Bacterium came from water system, Prince George’s Co., hospital says

CHEVERLY, Md. — Officials with Prince George’s County Hospital Center said they believe a potentially dangerous bacteria entered the hospital through its water supply, but those officials also said Friday the hospital’s water is safe to drink.

Water tests found the Pseudomonas bacterium in four sinks in the neonatal intensive care unit, and two more sinks in another area of the hospital, officials said at a news conference.

The bacterium was first discovered in the hospital on Aug. 9.

The NICU, which closed earlier this month, is expected to remain closed until late August or early September.

“We are working very closely with a team of experts to make sure that the NICU is completely safe before we return to full operations,” said Neil Moore, president and CEO of Dimensions Healthcare.

Meanwhile, leaders said the hospital’s water is safe to drink, and tests show incoming water meets safety standards.

Special water treatment and filtering that’s already underway in two parts of the hospital, will be expanded to the entire hospital in the next one to two weeks, officials said.

The hospital is also moving forward with long-term, permanent solutions to keep its water clean.

“(With) the remediation plan that is suggested, when it is complete, I can confidently say that I think that this hospital water will be safer than most in the country,” said Dr. Anthony Harris, an infectious disease physician and professor in the Department of Epidemiology and Public Health at the University of Maryland School of Medicine.

After the bacteria was discovered, nine babies were transferred out of the NICU to Children’s National Medical Center as a precaution.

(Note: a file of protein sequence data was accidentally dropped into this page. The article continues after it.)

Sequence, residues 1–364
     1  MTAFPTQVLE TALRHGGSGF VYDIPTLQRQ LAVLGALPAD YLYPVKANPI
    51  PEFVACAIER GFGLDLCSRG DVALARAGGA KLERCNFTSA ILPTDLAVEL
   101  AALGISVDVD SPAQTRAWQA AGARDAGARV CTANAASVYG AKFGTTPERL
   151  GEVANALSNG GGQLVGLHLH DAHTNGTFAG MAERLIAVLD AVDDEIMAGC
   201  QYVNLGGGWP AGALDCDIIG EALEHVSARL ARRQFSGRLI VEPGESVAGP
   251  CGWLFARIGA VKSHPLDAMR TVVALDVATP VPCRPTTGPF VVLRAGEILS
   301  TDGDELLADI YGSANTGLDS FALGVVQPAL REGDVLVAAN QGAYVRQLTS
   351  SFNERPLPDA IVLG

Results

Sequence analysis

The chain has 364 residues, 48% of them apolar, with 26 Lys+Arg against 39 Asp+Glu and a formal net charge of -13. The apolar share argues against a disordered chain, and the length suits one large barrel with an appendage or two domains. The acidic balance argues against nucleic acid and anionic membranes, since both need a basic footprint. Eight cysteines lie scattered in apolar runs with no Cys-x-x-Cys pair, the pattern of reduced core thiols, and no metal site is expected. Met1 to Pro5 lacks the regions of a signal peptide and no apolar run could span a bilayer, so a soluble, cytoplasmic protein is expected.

Of those babies, three have shown signs they were exposed to the bacteria, but none is infected with it, doctors say.

Seven babies that spent time in the hospital’s NICU in 2016 eventually died, said Dr. Sherry Perkins, Dimensions Healthcare’s executive vice president and COO.

“Our epidemiologists and neonatal experts continue to investigate any links between the deaths of any babies and the presence of Pseudomonas in our water supply, and we don’t have the answers to that yet,” she added.

Pseudomonas infections typically strike people with weakened immune systems or those who have just had surgery.

Those who get it can become very sick and even die, but Harris emphasized that the discovery of the bacteria at Prince George’s Hospital Center was not that unusual.

“In every hospital in the United States, there are pseudomonas infections that occur routinely in adults,” he said.

Pseudomonas infections are typically treated with antibiotics, but increasing resistance to antibiotics mean infections can become tougher to treat, according to the Centers for Disease Control and Prevention.

Michelle Basch

Michelle Basch is a reporter turned morning anchor at WTOP News.

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